A foremost maritime analyst, Capt. Solomon Abiodun Omoteso has advised the Federal Government against fighting piracy from the sea, stressing that hungry youths who have nothing constructive to do on land would always find their ways to sea to operate, no matter the degree of weapons or measures adopted, to deter them.
Omoteso, a maritime guru and former Consultant to the International Maritime Organization (IMO) indicated this, even as he stressed the need for a massive support of the Buhari’s Government to enable Nigerians obtain the best from his focused and determined commitment to the cause of uplifting the country.
“If you can stop them by creating wealth for them on land, then you would have effectively discouraged their wandering towards the sea to commit piracy or armed robbery”, he stated, adding that while procuring armoured personnel carriers and equipping the police may be effective in fighting crimes on land, “when it comes to the sea, it is a different ball game”.
He urged the government to critically appraise what it could do for the people in the riverine areas, particularly their youths, explaining that with the nature of the creeks, and the dwindling fortunes of the area, with money being over concentrated in few hands, the zone for now may remain vulnerable for the production of adventurous youths, who could take to piracy, from time to time.
“Piracy is not a predominant problem of Africa; what has piracy got in common in Africa? It is only in the Gulf of Guinea. It is not in South Africa; it is not in East Africa. And when you are looking at the maritime characteristic of piracy, you will discover that piracy is only a function of poverty!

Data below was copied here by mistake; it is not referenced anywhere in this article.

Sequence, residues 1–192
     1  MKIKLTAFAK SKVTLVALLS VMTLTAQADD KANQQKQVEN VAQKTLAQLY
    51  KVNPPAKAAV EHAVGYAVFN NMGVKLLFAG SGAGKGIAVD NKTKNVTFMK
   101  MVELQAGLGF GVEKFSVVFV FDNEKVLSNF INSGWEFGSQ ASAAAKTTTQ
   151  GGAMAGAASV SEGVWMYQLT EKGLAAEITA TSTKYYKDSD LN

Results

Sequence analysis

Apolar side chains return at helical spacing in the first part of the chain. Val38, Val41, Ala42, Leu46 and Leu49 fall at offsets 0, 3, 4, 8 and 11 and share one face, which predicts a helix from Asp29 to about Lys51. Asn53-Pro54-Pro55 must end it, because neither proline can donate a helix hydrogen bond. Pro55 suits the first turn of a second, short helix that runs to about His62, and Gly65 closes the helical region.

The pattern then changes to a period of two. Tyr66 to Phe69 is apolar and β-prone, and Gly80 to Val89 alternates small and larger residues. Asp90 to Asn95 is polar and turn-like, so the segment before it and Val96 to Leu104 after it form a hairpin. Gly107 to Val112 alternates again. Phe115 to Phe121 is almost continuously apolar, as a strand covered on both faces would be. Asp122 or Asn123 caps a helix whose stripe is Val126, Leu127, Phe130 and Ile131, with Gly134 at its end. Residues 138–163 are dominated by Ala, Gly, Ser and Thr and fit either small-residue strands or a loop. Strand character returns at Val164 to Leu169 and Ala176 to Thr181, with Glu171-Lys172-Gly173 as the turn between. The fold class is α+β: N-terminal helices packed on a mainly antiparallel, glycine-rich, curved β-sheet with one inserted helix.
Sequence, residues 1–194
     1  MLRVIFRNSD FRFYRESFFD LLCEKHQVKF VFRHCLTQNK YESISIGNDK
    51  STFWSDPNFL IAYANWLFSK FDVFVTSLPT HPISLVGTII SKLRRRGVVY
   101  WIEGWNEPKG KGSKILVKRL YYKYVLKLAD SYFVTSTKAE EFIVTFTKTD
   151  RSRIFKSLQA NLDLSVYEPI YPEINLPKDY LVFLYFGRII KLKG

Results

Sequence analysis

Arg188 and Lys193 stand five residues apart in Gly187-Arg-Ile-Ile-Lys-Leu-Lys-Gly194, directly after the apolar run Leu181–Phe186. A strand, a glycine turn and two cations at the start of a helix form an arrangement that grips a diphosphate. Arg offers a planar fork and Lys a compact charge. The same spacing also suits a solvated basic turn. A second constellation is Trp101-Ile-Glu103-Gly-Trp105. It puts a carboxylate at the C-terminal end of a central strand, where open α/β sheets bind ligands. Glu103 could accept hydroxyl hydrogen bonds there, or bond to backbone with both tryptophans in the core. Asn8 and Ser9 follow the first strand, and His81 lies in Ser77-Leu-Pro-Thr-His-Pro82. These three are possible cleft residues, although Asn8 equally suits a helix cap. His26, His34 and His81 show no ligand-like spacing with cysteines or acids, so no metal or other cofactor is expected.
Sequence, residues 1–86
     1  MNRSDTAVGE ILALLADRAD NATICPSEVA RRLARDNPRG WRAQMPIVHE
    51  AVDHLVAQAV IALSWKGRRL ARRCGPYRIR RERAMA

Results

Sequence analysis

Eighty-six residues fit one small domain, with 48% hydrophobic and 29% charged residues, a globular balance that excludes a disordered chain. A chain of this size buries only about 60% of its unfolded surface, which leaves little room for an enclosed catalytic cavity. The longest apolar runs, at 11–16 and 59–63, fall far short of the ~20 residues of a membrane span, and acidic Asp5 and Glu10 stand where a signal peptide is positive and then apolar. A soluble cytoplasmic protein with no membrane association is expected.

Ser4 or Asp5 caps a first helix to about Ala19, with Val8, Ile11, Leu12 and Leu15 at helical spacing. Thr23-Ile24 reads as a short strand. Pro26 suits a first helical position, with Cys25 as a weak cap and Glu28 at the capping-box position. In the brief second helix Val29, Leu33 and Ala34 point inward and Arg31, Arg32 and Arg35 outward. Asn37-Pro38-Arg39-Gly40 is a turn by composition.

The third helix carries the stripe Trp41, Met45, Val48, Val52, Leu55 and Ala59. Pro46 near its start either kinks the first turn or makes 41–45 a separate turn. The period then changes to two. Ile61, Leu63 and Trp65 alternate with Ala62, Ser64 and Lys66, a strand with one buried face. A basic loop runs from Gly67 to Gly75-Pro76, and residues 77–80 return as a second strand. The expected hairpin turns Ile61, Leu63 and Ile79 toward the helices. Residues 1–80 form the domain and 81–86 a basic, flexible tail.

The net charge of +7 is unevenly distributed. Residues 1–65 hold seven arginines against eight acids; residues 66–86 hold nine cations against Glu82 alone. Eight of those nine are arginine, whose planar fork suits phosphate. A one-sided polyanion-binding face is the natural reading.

“What is happening in North Africa is different from what is happening in East Africa; or like what is happening in West Africa. The only common characteristic is that the youths of each zone want to constructively engage their energy!” he stated, noting that once the youths’ energy could not be productively utilized, it moves towards other areas where it could be harnessed.
“Piracy is not even a problem all over Nigeria. It is only a problem within a limited area of the Gulf of Guinea. It is not in South Africa and it is not in East Africa. Piracy is not in Senegal. Neither is it in Sierra Leone.
“The piracy we are all talking about is in the Gulf of Guinea and it is poverty oriented”, he highlighted further; pointing out that the youths in North Africa were more concerned with how to sneak into Europe as illegal immigrants.
“So, if you want to fight piracy, all you need to do is take a good look at the youths in the area and see how you can harness their energy. They are the ones who can take the boat and go to sea, perpetuate piracy and then come back.
“If you look around the globe today, wherever piracy occurs, it is usually a poverty area. It occurs easily when people cannot easily feed.
“You have piracy in Somali, in Indian Ocean; but then it is the poverty area. All these piracy…piracy; they are perpetuated by youths. They already have their boats. All they need is the guns. But then, you must understand that the moment they hit their target, they come back ashore again!”, he said, adding that anyone who meet their needs on land would have significantly reduced their forage into the sea.
Tasked to explain how the menace could be tackled, Omoteso said the Federal Government must work more closely with the local governments and the community leaders of the riverine areas, with the sole aim of ensuring a more prudent management of their resources, identifying needs and multiplying available windows of employment opportunities.

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